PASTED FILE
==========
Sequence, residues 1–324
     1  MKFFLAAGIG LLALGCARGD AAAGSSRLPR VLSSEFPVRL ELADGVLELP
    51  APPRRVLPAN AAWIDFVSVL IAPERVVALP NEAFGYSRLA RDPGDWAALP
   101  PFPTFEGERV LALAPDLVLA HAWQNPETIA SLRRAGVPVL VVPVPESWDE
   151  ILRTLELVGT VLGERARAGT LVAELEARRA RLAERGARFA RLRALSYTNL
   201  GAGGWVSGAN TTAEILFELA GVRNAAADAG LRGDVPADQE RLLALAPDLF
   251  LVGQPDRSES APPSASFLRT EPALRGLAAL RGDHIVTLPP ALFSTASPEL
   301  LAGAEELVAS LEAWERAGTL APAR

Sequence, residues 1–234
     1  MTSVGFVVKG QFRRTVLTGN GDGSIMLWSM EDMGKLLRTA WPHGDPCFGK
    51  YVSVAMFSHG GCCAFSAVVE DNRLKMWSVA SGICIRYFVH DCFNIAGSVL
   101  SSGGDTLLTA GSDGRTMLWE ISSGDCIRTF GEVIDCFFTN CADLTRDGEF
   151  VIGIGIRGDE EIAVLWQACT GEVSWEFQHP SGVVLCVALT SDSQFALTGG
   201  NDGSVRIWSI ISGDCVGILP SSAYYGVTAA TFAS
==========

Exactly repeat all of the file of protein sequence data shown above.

Sequence, residues 1–324
     1  MKFFLAAGIG LLALGCARGD AAAGSSRLPR VLSSEFPVRL ELADGVLELP
    51  APPRRVLPAN AAWIDFVSVL IAPERVVALP NEAFGYSRLA RDPGDWAALP
   101  PFPTFEGERV LALAPDLVLA HAWQNPETIA SLRRAGVPVL VVPVPESWDE
   151  ILRTLELVGT VLGERARAGT LVAELEARRA RLAERGARFA RLRALSYTNL
   201  GAGGWVSGAN TTAEILFELA GVRNAAADAG LRGDVPADQE RLLALAPDLF
   251  LVGQPDRSES APPSASFLRT EPALRGLAAL RGDHIVTLPP ALFSTASPEL
   301  LAGAEELVAS LEAWERAGTL APAR

Sequence, residues 1–234
     1  MTSVGFVVKG QFRRTVLTGN GDGSIMLWSM EDMGKLLRTA WPHGDPCFGK
    51  YVSVAMFSHG GCCAFSAVVE DNRLKMWSVA SGICIRYFVH DCFNIAGSVL
   101  SSGGDTLLTA GSDGRTMLWE ISSGDCIRTF GEVIDCFFTN CADLTRDGEF
   151  VIGIGIRGDE EIAVLWQACT GEVSWEFQHP SGVVLCVALT SDSQFALTGG
   201  NDGSVRIWSI ISGDCVGILP SSAYYGVTAA TFAS